Raised on a 75-acre farm in Buckinghamshire, Shrimpton went to London at 17 to be a secretary, was spotted by another photographer at a polo match and lured into modeling. Eventually it meant a romance with Bailey which ended in 1964. Although he has since married and divorced Catherine Deneuve, lived with model Penelope Tree and is now married to model Marie Helvin, he and Jean have remained friends.
After Shrimpton arrived in New York in 1963, editor Diana Vreeland put her on the cover of Vogue 19 times. At $120 an hour, Shrimpton helped popularize miniskirts and long wispy eyelashes. Nicknamed "The Shrimp" (despite her 5'9½"), she soon had a generation of imitators wearing her long swinging hair with bangs and pouty mouth. Even department store mannequins were modeled after her. In 1967 she made her only movie, Privilege, got bad reviews, and in 1970 Shrimpton closed her assignment book for good.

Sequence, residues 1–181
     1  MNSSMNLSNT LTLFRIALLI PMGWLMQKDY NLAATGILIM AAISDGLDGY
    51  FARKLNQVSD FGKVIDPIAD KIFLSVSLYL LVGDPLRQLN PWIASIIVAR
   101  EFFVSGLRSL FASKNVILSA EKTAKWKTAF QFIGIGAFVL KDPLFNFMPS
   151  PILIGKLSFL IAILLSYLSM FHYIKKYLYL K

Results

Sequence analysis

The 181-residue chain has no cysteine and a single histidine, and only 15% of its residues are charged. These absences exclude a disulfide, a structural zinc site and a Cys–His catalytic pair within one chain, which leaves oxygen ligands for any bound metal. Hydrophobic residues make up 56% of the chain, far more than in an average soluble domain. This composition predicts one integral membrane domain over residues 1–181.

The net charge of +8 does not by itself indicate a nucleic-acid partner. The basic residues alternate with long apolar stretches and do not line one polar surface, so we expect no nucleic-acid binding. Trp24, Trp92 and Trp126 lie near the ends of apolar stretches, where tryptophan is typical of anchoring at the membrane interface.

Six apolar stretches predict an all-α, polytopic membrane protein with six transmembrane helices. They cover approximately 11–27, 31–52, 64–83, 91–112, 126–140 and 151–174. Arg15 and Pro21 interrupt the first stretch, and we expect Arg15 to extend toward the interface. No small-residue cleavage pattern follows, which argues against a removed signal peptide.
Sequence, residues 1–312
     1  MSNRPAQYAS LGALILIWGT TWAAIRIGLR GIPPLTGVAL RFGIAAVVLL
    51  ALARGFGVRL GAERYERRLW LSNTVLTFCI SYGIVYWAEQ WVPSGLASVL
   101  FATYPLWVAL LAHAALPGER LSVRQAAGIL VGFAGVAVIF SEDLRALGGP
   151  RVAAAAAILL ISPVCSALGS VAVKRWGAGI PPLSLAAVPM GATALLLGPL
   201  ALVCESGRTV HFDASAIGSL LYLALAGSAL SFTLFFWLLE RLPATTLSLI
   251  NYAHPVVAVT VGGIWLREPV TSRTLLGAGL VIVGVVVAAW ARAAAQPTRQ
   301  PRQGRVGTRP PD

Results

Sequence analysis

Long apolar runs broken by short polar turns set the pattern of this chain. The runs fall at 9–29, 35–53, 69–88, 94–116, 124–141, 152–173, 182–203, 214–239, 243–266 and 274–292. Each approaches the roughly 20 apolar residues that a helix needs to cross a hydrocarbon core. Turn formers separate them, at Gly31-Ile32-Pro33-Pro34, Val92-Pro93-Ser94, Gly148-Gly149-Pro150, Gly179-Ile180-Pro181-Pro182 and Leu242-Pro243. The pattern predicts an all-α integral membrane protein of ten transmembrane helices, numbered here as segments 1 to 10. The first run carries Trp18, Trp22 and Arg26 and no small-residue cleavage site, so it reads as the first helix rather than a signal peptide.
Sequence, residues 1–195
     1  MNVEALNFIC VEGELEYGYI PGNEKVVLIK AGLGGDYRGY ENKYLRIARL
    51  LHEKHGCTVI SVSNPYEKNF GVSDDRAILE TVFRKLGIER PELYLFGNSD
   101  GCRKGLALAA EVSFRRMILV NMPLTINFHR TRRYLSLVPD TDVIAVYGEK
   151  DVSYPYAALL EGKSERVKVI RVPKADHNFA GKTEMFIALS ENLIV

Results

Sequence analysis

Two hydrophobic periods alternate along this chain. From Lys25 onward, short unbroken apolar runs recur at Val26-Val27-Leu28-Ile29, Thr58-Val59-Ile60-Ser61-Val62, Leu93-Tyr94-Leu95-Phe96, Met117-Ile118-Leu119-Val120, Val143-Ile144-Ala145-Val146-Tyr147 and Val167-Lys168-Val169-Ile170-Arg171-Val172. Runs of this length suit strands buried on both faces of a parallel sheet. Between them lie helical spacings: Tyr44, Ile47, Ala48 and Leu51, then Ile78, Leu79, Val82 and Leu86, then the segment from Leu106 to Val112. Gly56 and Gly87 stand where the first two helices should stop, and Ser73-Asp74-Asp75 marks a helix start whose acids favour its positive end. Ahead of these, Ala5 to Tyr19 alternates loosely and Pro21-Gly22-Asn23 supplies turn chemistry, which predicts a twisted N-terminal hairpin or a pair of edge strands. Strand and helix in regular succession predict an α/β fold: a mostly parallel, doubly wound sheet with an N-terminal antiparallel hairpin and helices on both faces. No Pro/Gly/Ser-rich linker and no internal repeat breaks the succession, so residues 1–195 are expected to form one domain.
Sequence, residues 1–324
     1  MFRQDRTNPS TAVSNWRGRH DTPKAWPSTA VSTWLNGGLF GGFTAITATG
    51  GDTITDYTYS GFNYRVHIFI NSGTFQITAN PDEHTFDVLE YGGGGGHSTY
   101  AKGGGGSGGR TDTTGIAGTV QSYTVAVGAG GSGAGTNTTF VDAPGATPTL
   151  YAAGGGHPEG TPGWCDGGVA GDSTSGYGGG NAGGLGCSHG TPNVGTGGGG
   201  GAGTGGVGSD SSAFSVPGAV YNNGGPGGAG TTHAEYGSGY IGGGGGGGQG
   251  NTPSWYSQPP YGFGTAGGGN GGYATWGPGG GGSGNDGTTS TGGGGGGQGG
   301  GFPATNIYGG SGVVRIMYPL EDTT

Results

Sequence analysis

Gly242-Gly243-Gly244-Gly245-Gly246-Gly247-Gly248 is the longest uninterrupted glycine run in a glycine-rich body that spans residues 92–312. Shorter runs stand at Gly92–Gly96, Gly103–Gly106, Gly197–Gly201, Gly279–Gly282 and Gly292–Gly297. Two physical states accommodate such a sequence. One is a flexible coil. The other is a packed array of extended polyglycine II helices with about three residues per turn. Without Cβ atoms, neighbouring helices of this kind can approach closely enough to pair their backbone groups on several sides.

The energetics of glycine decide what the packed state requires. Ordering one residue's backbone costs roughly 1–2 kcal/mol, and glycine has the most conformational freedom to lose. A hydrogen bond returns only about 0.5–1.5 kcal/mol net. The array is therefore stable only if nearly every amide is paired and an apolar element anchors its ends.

She lives these days with writer Malcolm Richey in a cottage in Cornwall, meanwhile scrounging for antiques which she sells at a shop in Truro, the county seat. "I suppose I could have earned a lot more money," Shrimpton says. "But I turned my back on it for the simple life. I've never been rich and I've never respected money. It brings out the nasty side of people."
The Face of the '60s, Jean Shrimpton, is once again in the glossy pages of British Vogue. At 33, the famed model has been wooed out of retirement by photographer David Bailey and a $3,500 fee to advertise a Coty skin-care product. It was Bailey who created the original "Shrimpton Look," and she has said, "I owe everything that I am to him. He taught me that I must have a mind as well as a body."